Hong Kong Profits Tax is territorial in nature and only profits which have, or which are deemed to have, a Hong Kong source are subject to Profits Tax. If a Hong Kong company is established in such a manner that it does not carry on business in Hong Kong or if it generates profits which have a non-Hong Kong source the company can book income without incurring a Profits Tax liability.
To be liable to Hong Kong Profits Tax a company must meet three basic tests as set out by the Privy Council in the Hang Seng Bank case. These tests are:
The company must be carrying on a trade, profession or business in Hong Kong;
The company must be generating profits from that trade, profession or business of a type which are subject to Profits Tax, for example, trading profits or commission as opposed to non-taxable capital gains or dividends; and
Those profits must have a Hong Kong source.
If a company does not meet all three tests, then it will not have a liability to Profits Tax. These three tests have been adopted by the Inland Revenue Department (“IRD”) in their Departmental Interpretation and Practice Notes No. 21 (“DIPN21”).
Carrying on business
The issue of DIPN21 has provided greater certainty regarding the IRD’s approach to the source of profits. However, DIPN21 does not deal in detail with test (1), that is, whether a company is carrying on a trade, profession or business in Hong Kong.
The leading authority in this area is the decision in the High Court case, CIR v Bartica Investment Ltd which held that whether a business is carried on in Hong Kong is a question of fact, but that the central management and control test used in many jurisdictions is not applicable in Hong Kong. Rather, the whole circumstances of each particular case must be reviewed. This involves such considerations as whether the taxpayers keep their accounting and other records in Hong Kong, where meetings of directors take place, where instructions are given to and accepted by banks etc.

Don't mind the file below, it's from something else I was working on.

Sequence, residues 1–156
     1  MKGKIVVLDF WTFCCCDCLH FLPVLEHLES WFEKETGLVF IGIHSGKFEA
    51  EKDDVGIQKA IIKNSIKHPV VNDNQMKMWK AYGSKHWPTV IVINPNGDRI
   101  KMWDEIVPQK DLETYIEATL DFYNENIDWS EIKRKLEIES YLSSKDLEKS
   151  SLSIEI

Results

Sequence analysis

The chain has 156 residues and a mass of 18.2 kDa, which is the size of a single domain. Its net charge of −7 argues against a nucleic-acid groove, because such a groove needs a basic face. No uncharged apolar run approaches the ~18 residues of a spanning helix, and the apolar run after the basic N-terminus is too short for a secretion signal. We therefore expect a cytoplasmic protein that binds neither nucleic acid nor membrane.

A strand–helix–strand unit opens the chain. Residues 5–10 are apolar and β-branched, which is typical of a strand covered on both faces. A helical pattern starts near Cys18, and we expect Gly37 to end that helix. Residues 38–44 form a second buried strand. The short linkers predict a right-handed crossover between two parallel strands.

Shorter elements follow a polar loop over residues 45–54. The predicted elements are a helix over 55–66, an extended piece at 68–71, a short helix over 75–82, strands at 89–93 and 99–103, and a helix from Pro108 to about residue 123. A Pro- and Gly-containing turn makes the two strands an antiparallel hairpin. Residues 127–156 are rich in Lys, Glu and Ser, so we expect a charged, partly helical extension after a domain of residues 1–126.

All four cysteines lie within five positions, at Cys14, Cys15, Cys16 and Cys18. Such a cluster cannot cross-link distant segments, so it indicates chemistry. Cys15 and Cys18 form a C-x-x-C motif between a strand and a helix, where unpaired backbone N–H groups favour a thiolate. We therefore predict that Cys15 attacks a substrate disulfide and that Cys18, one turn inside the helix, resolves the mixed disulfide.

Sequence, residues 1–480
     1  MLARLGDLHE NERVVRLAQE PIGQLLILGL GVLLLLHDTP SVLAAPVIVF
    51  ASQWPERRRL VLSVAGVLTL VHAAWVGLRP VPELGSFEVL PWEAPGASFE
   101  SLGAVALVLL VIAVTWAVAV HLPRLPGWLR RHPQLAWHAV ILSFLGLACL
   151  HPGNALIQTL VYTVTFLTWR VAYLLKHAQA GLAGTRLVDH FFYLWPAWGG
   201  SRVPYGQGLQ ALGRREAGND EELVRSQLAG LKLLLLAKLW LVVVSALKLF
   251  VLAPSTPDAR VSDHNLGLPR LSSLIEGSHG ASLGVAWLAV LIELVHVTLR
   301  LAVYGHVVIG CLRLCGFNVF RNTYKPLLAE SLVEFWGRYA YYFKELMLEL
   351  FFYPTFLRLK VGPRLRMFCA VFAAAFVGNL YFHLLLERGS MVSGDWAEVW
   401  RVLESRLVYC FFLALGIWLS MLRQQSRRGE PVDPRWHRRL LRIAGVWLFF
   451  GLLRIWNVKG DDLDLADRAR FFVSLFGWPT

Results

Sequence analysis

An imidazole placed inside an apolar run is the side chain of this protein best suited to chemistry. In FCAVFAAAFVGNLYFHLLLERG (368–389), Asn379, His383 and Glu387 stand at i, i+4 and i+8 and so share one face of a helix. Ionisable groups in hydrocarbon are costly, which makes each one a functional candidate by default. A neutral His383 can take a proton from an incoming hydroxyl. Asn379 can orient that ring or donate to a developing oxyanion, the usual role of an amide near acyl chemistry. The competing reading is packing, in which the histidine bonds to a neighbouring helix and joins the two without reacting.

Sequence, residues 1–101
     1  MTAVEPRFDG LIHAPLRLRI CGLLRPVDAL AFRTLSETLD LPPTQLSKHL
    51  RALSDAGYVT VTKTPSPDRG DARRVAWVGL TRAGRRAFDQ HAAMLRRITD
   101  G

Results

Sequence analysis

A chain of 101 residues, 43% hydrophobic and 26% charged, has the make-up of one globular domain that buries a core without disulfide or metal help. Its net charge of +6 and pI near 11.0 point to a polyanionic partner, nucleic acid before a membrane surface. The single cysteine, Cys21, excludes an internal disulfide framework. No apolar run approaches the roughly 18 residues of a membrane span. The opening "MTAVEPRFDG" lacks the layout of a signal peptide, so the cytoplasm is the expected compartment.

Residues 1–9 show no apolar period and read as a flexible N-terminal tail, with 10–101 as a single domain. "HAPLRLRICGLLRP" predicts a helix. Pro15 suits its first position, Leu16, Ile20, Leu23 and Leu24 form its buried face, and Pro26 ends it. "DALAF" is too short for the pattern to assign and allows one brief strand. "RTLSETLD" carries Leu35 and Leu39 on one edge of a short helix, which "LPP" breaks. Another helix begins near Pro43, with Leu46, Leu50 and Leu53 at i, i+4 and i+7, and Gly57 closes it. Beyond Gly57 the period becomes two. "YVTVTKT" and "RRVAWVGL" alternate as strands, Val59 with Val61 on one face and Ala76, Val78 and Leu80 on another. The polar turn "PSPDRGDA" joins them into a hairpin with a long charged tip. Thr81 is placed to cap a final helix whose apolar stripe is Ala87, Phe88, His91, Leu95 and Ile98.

DIPN21 is particularly useful in respect of test (3), namely whether a company¡¦s profits have a Hong Kong or a non-Hong Kong source. The guidelines set out in DIPN21 facilitate the tax efficient use of Hong Kong companies for transactions which take place outside Hong Kong.
Where a Hong Kong company follows the guidelines and practice in DIPN21 in structuring its activities and documentation, the company can book offshore trading profits, commission and interest income without incurring a liability to Hong Kong Profits Tax.
Planning and documentation
A Hong Kong company that intends to lodge an offshore claim in respect of its profits must demonstrate to the satisfaction of the IRD that its profits have a non-Hong Kong source. Accordingly, planning should be undertaken at the start of an operation, or before undertaking a particular transaction, to ensure that the company:
has properly reviewed and structured the way in which it intends to undertake its operations;
will generate the necessary documentation to identify and support the offshore claim;
will produce clear documentation and transaction trail; and
has the relevant information for submission to the IRD with the first Profits Tax Return.
The offshore claim will have a greater chance of success with a minimum of correspondence with the IRD, if this information is submitted with the first Profits Tax Return where an offshore claim is made, preferably supported by a full set of documentation for a typical transaction.
This approach may also result in the IRD granting the company an exemption from filing Profits Tax Returns on an annual basis in subsequent years. Once this exemption is granted, the IRD will normally issue a Profits Tax Return on a random basis every three to six years to ensure that the exemption continues to apply. However, the company will still be required to prepare audited accounts in order to comply with the requirements of the Companies Ordinance and the exemption.
Where a claim is lodged under test (3) regarding the source of profits, it is not a requirement that the company maintains its books and records and administrative function outside Hong Kong. DIPN21 specifically states that it is permissible for a Hong Kong company lodging an offshore profit claim to maintain its financial records and administrative functions in Hong Kong, using staff of the company or a commercial third party.
DIPN 21 offers a degree of certainty regarding the source of profits based on various Court decisions and provides an opportunity for effective tax planning regarding offshore profit claims.
Hong Kong is an ideal jurisdiction in which to incorporate a company which will generate profits outside Hong Kong. Hong Kong is not considered to be a tax haven by the OECD and does not appear on the lists of tax havens published by the OECD. Hong Kong is officially a low tax jurisdiction which provides simple, certain and straight forward legislation. With proper planning non-Hong Kong income can be booked into a Hong Kong company without incurring a Hong Kong Profits Tax liability.